Key Concepts: Chapter 2 – Sectors Of The Indian Economy, Class 10, SST | EduRev Notes

Social Studies (SST) Class 10

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Class 10 : Key Concepts: Chapter 2 – Sectors Of The Indian Economy, Class 10, SST | EduRev Notes

The document Key Concepts: Chapter 2 – Sectors Of The Indian Economy, Class 10, SST | EduRev Notes is a part of the Class 10 Course Social Studies (SST) Class 10.
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  1. All activities that give an income in return are called economic activities. Example, people going for work in factories, banks, schools, etc.
  2. Economic activities can be classified into different sectors on the basis of nature of work.
  3. Primary sector: Goods which are produced by exploiting natural resources come under the category of primary sector. This sector is also called as agriculture and related sector, e.g. - cotton.
    Key Concepts: Chapter 2 – Sectors Of The Indian Economy, Class 10, SST | EduRev NotesFig: Primary Sector of Economy
  4. Secondary sector: Transformation of one good into another comes under the category of secondary sector. Manufacturing is one of the important components of this sector.
    Example: Transformation of sugarcane into sugar.
  5. Tertiary sector: All production units producing services which help in the development of primary and secondary sectors come under the category of tertiary sector. This is also known as service sector.
    Example– Services given by doctors, teachers, lawyers etc.
  6. These three sectors are highly interdependent on one another. This can be explained with the help of an example : Farmers buy goods such as tractors, pump sets, fertilizers (manufacturing sector) to produce agricultural goods (primary sector).This shows dependence of primary sector on secondary sector. Now farmers want to sell their output. For this, they need transport facilities. It shows dependence of primary sector on tertiary sector.
    Key Concepts: Chapter 2 – Sectors Of The Indian Economy, Class 10, SST | EduRev NotesFig: The Circular flow chart depicting dependency of 3 sectors
  7. There are thousands of goods and services produced in an economy. We cannot add different types of goods in practice. So the value of these goods and services should be used rather adding up the actual numbers. Comparison can be done among these three sectors on the basis of value of final goods and services produced.
  8. The value of final goods and services produced in each sector during a particular year provides the total production of the sector for that year and the sum of production in these sectors gives us gross domestic product (GDP) of a country.
  9. Tertiary sector has emerged as the largest sector because it helps in the development of primary and secondary sectors.
  10. Several services such as hospitals, banks, insurance companies, transport, educational institutions are the basic services which are required by primary and secondary sectors for their normal functioning.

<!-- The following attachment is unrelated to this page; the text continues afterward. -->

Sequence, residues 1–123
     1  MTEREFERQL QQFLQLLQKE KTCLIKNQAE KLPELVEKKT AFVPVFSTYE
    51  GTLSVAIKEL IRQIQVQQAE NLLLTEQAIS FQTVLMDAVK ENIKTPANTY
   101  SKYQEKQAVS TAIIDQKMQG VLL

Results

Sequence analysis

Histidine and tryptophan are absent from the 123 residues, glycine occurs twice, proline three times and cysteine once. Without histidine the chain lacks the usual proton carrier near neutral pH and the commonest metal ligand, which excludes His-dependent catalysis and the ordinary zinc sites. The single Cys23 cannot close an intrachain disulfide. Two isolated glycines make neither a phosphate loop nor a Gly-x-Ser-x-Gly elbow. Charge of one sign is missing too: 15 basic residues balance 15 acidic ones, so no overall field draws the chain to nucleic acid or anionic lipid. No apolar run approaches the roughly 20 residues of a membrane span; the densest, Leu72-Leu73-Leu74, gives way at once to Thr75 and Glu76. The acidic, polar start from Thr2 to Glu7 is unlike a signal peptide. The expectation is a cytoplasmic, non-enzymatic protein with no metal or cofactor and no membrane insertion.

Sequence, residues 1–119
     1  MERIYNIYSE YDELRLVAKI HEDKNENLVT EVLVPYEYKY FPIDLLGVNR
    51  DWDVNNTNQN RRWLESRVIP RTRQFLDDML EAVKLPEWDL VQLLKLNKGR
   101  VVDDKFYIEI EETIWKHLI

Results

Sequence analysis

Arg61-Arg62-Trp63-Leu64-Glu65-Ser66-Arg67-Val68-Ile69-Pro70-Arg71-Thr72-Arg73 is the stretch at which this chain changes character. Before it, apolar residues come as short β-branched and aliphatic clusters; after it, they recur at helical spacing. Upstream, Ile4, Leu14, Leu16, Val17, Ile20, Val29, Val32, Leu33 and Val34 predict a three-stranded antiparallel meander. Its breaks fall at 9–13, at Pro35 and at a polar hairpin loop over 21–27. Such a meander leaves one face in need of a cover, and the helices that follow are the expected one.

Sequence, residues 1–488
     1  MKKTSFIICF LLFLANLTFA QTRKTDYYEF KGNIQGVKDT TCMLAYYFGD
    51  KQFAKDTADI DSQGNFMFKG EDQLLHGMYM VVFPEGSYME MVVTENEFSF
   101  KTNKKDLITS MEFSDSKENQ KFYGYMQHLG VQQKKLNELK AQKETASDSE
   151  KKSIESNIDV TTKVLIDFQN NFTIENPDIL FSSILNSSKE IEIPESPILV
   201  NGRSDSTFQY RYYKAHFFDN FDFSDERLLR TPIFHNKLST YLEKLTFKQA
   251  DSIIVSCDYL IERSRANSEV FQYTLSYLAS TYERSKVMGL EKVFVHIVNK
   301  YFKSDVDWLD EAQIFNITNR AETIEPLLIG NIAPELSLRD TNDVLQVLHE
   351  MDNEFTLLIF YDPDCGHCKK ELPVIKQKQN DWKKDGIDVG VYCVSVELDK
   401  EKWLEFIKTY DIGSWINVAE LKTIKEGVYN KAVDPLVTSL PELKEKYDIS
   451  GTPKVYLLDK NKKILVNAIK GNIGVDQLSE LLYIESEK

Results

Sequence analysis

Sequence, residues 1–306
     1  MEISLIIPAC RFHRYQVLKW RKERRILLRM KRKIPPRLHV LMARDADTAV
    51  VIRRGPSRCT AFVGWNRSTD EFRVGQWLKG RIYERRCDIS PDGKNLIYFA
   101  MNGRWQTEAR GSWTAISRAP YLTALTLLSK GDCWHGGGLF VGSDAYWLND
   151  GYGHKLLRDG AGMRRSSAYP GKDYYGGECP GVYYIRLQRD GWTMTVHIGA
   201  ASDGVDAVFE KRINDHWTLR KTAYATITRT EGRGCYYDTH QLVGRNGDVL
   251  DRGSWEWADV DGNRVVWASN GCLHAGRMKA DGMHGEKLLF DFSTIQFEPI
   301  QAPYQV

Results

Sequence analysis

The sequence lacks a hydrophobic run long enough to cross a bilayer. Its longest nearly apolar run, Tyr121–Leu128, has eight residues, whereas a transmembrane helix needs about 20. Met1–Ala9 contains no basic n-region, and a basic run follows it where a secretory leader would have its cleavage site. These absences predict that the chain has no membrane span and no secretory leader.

11. Organised sector covers those enterprises or places of work where the terms of employment are regular. They are registered by the government and have to follow its rules and regulations. Therefore people have job security.
  12. Unorganized sector covers small and scattered units which are largely outside the control of the government. There are rules and regulations but they are generally not being implemented by the unorganized sector. Employment is not secure in the unorganized sector.
  13. In unorganized sector protection and support is required for the workers for their economic and social development. Besides getting irregular and low paid work, they also face social discrimination.
  14. Public sector is the sector which is owned, controlled and managed by the government. Activities in the government sector are guided by the motive of social welfare and not to earn profit.
  15. In private sector ownership of production units is in the hands of private individuals. Activities in the private sector are mainly guided by the motive to earn profit. Example : TISCO and RIL.
  16. Employment is an activity from which a person earns the means of living, i.e. income in cash or in kind.
  17. Unemployment refers to a situation where the persons who are able to work and are willing to work, fail to secure work.
  18. Underemployment is a situation in which a worker gets work for less time than the time he can work. In other words, he remains unemployed for some months is a year or some hours everyday.
  19. There was a big change in the share of three sectors in G.D.P. (from 1973 to 2000) but data show that such similar shift has not been taken place in terms of employment.
    In secondary sector output went up by 8 times but in terms of employment it rose up by only 2.5 times.
    In tertiary sector output went up 11 times whereas employment rose up 3 times.
  20. Government can create more employment opportunities by providing better infrastructure such as roads, dams, canals etc. Further, this can be enhanced by providing services like banks, transport and communication.
    Set up industries that process vegetables and agricultural produce like potatoes, rice, wheat, tomato, fruits which can be sold in outside markets. This will provide employment in industries located in semi-rural areas.
  21. Mahatma Gandhi National Rural Employment Guarantee Act-2005 ( NREGA -2005) This act is implemented as “Right to Work” in all the 604 districts of India.
    Key Concepts: Chapter 2 – Sectors Of The Indian Economy, Class 10, SST | EduRev NotesFig: Women employed under NREGA for de-silting a tank  Under this act, all those who are able to work and are in need of work have been guaranteed 100 days of employment in a year by the government. However, only one person per family is entitled to this benefit.

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